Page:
Speaking of Enna Spades, she’s not the only homicidal maniac waiting in the wings, (she is responsible for only some of the worst moments of torture in the book, which gives you an idea of what’s in store). Durfee doesn’t shy away from darkness, moderate the cruelties of an invading army led by a religious fanatic, or underplay the problems of a psychotic and sociopathic boy king (that would be King Jovan of Gul Kana, who inflicts his share of increasingly disturbing suffering on his subjects and even his own family, including his resilient sister Jondralyn. Jondralyn is but another of the many characters through which we view this story, a familiar but effective method of chopping a way into a sprawling tale, from the humble existence of the orphan Nail, raised by a gruff man in a small town, and clearly someone of incredible significance (if Aeros interest in him is any indication); to the royal families, religious leaders, and the knights and assassins plotting and dueling across the land. Durfee’s approach to establishing narrators is “the more the merrier,” and the result provides us with a rich and detailed view of all stratas of society.
Epic and Classic
Durfee revels in the classic tropes of fantasy—mad kings, powerful magical relics, massed armies, knights in armor, assassins so skilled they can stab you without you even feeling it—but he twists them just enough to make them his own. The Vallé, who have pointed ears and lithe, agile movements that mark them as inhuman, are the elves of this universe—but are highly offended if you call them that. Religion plays a vital role, offering a complicated mythos that has direct bearing on both the plot and the motivations of the characters. It’s as if Durfee was so excited by his every idea for this universe, he couldn’t help but dive into each and every detail with gusto—and that delirious energy pulses throughout the book, creating an addictive reading experience. Durfee hasn’t held anything back—this is a deeply imagined world packed with incredible violence, cruelty, and compelling characters and mysteries. The result is a fantasy that brings epic back in a big way.
The Forgetting Moon is available August 30.
The Forgetting Moon
Hardcover $19.87 | $25.99
THE FORGETTING MOON by Brian Lee Durfee (Five Warrior Angels #1)
Rob B · Aug 2nd, 2016 · 2 Comments
When a young boy, Nail, is orphaned and taken in by a gruff and mostly silent warrior named Shawcroft, you might have an idea that Brian Lee Durfee’s The Forgetting Moon is going to tread into the waters of Epic Fantasy. You’d be mostly correct, but the routes he takes are down some of the more shadowy, grim, and darkest roads traveled in this popular sub-genre of Fantasy. To say that The Forgetting Moon leans on the shady grimdark side of fantasy would be an understatement, but nothing else about Durfee’s epic novel (and saga) is understated.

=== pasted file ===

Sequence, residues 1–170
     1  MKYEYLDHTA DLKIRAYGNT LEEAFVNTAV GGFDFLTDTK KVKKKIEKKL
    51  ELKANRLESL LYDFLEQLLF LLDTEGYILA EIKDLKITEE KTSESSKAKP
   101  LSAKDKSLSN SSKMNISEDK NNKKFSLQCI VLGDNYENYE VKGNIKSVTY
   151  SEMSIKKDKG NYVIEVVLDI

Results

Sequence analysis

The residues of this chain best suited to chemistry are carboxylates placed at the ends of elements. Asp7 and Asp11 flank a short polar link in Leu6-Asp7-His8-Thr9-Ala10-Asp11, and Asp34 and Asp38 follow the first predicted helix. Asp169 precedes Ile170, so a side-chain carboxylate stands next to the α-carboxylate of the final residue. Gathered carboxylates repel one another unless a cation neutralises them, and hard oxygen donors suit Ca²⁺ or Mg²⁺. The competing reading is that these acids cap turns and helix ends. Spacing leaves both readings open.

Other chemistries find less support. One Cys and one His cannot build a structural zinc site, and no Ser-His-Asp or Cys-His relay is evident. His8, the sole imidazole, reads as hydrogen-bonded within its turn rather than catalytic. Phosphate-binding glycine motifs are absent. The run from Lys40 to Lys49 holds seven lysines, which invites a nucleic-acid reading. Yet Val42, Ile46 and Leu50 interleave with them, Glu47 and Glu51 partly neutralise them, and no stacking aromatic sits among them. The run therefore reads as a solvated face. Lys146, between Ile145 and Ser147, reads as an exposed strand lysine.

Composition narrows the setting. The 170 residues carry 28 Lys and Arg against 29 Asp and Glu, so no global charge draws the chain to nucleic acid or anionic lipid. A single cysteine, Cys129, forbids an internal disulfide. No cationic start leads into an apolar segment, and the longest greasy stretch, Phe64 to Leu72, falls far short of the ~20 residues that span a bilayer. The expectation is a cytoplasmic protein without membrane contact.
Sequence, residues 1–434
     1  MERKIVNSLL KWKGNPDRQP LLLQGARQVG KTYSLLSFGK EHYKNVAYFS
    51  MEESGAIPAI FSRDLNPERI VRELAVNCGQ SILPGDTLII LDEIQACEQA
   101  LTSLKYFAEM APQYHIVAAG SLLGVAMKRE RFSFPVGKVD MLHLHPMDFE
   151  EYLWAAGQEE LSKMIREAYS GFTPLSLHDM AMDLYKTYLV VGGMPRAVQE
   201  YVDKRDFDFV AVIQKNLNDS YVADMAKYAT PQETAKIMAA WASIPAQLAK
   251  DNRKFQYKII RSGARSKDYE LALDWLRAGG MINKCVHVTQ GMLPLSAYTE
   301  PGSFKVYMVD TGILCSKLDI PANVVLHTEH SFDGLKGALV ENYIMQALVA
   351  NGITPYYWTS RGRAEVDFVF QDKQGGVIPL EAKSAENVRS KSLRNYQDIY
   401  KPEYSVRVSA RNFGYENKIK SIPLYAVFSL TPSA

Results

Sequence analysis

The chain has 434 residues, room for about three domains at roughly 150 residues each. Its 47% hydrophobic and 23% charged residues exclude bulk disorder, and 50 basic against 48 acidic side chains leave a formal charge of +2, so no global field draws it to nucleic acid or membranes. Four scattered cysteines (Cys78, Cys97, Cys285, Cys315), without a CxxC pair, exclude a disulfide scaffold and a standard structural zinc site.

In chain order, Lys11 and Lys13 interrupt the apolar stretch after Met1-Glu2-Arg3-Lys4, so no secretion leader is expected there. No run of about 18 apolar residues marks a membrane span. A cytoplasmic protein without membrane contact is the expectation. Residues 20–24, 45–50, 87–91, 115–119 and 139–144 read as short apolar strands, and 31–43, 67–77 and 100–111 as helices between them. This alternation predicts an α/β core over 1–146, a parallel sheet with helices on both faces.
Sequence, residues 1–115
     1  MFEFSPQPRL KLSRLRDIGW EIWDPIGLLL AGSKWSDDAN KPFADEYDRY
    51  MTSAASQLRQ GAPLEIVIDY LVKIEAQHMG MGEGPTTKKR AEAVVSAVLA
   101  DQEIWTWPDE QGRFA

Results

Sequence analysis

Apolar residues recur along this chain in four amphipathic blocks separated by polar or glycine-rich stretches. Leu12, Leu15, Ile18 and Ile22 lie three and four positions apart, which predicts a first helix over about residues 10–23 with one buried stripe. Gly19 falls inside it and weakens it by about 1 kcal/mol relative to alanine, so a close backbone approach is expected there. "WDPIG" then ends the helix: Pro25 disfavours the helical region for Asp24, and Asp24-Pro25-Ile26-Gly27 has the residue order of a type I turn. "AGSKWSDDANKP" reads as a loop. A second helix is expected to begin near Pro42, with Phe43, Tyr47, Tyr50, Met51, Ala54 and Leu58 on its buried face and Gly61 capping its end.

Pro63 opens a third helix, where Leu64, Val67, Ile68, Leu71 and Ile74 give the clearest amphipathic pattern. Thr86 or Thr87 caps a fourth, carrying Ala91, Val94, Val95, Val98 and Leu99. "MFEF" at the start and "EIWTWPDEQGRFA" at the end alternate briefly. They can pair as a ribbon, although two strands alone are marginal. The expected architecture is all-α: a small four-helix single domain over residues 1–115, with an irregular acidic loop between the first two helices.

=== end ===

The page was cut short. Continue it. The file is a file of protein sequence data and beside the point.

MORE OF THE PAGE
Durfee introduces Nail and his friends/peers as they are on the cusp of becoming adults in the land of the Five Isles, specifically the village of Gallows Haven in the unconquered kingdom of Gul Kana. Nail lives a hard life and gets few answers about his family, his parents, or why his guardian has him constantly in the mines when he would rather be what amounts to in this world as a naval officer. Since this is an epic, EPIC fantasy, Durfee juggles multiple plot-lines and points of view. In the same fashion that George R.R. Martin broke the chapters into different character’s points of view, so does Durfee. In addition to Nail, we have Princess Jondralyn, sister of the (Mad) King Jovan, perhaps one of the few truly Good characters in the story and much more than the “Beautiful Princess” many expect her to be; Tara, the younger sister of king and Jondralyn’s who is reluctantly drawn into a scavenger hunt in order to save her poisoned cousin Lawri; Ava Shay, a young girl and target of Nail’s affections taken prisoner by an invading army and Gault, a weary knight from the invading army.
About that invading army, they are led by Aeros Raijael, who thinks he is the second coming of God’s son. His army is led by some extremely devious and malicious cruel generals; Spades, who was like a female version of Ramsay Bolton; stood out the most. At one point Aeros commands the arms and legd to be cut off a general of Gul Kana (and the man to whom Nail wanted to pledge his service) and have the man pushed around in a cart just so he can send a message back to his kingdom. Though one of the crueler acts depicted in the novel, it is far from the only element of cruelty.